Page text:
9 August 2019
on course website
Philosophical Lessons from and for the 'Post-Truth Era'
This philosophy course investigates what it means to live in a 'post-truth era', in which emotional or ideological motivations are often considered more valid than objective criteria or facts.
In the aftermath of the Brexit and the election of Donald Trump, both Oxford English Dictionaries and the Gesellschaft für Deutsche Sprache declared 'post-truth' or 'postfaktisch' Word of the Year 2016. Ever since, political, sociological, and psychological analysts have tried to explain what it means for our society as well as our personal lives that "objective facts have become less influential in shaping public opinion than appeals to emotion and personal belief” (OED). Throughout this course, we will discuss the multiple facets of this 'post-truth phenomenon'.
In the first, introductory, part of the course, we will critically engage with 1) the politics of developing post-truth claims, 2) the journalistic tools and strategies for covering such claims, and 3) the psychological mechanisms of the public to process them. This means that we will view the 'post-truth era' as a matrix for the following cultural phenomena: the fabrication of scientific dissensus for the sake of economic and political ends, the popularity of both ‘news avoidance’ and conspiracy theories while serious journalism is labeled ‘fake news’, new forms of populism that threaten the pillars of democracy, the contemporary cult of ‘authenticity’, and the evolution of the internet from a tool for the democratization of knowledge to a generator of 'filter bubbles' and a forum for shouting matches.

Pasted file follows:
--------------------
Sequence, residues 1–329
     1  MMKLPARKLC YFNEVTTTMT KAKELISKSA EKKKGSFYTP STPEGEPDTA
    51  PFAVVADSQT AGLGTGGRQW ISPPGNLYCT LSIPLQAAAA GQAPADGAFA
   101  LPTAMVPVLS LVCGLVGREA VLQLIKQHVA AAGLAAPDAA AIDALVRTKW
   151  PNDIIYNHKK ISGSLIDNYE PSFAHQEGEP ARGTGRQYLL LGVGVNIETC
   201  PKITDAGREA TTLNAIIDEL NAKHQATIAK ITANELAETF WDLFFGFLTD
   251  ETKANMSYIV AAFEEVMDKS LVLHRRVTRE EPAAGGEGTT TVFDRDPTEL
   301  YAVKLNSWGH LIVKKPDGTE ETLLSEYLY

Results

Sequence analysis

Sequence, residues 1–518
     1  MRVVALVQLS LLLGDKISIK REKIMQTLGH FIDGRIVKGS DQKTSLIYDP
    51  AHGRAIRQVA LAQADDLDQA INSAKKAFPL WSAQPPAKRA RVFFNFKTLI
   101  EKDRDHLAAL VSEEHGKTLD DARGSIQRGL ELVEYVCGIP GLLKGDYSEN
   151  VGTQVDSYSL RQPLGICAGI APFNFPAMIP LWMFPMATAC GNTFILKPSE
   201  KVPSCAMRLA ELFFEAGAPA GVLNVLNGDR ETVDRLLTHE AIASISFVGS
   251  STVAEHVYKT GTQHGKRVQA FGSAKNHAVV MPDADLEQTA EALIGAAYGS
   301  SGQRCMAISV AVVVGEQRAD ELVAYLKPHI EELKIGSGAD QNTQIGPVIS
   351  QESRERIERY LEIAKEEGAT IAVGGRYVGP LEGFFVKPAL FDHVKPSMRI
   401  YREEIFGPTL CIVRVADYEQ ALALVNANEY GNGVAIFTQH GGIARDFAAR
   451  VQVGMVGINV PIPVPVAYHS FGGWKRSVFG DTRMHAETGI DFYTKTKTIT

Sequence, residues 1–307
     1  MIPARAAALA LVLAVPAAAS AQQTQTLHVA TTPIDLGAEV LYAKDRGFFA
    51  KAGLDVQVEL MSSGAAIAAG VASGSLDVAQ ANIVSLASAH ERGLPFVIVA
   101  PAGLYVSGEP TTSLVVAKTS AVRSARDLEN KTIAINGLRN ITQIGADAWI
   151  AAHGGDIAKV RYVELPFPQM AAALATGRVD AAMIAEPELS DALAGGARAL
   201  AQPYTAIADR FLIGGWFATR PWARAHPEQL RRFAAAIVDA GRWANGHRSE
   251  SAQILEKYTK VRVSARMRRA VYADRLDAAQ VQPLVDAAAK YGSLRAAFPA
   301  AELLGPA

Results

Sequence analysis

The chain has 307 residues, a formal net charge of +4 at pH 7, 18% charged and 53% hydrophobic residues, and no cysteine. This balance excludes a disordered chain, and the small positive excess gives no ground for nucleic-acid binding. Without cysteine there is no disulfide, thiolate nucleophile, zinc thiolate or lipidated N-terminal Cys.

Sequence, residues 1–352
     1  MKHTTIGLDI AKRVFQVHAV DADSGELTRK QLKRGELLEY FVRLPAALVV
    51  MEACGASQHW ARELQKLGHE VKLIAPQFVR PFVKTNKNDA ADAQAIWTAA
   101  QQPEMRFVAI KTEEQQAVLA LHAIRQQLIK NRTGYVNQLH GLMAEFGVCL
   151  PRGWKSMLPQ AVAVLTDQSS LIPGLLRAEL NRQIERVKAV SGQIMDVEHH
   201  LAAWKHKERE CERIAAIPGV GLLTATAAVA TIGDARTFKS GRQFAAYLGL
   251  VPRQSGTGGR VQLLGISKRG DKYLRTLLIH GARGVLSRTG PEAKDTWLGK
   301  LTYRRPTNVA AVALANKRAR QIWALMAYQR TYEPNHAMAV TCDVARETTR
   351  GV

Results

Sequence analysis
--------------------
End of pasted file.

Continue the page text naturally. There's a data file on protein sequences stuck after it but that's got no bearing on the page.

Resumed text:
In the second, main, part of the course, we will explore the philosophical dimension of the 'post-truth phenomenon' - the meaning and conditions of 'truth' are, after all, traditional philosophical topics. To this goal, we will consider three recent philosophical accounts of truth and truthfulness: 1) Harry Frankfurt's notion of 'bullshit' as "a greater enemy of the truth than lies"; 2) Ernst Cassirer's philosophy of 'Enlightenment pluralism'; and 3) Martin Heidegger's theory about the connection between truth, care, and authenticity. On this basis, we will map the differences and conflicts between the most influential modern and postmodern notions of truth. Finally, it will enable us to formulate (a) response(s) to the problematic features of the 'post-truth attitude'.
This course consists of lectures and seminars with group discussions. While these lectures/seminars will rely on insights from various disciplines, the main approach as well as the mandatory literature will be philosophical in nature.
Postdoctoral Researcher FWO
Institute of Philosophy
This course is designed for students who
1) are interested in philosophy as well as political science, sociology, history, or cultural studies;
2) are concerned about recent developments in politics, journalism, and education; and
3) wish to gain a better understanding of what truth can still mean in the 21st century.
After this course you are able to:
Identify the causes and implications of our current 'post-truth era',
Comprehend the broader context of recent phenomena like fake news or filter bubbles,
Distinguish several philosophical and mainstream conceptions of ‘truth’ and ‘truthfulness’,
Formulate (a) response(s) to the problematic features of the 'post-truth attitude'.
EUR 600: Normal fee
€ 540 early bird discount – deadline 1 March 2019 (10%)
€ 510 partner + Radboud discount (15%)
€ 450 early bird + partner + RU discount (25%)
on course website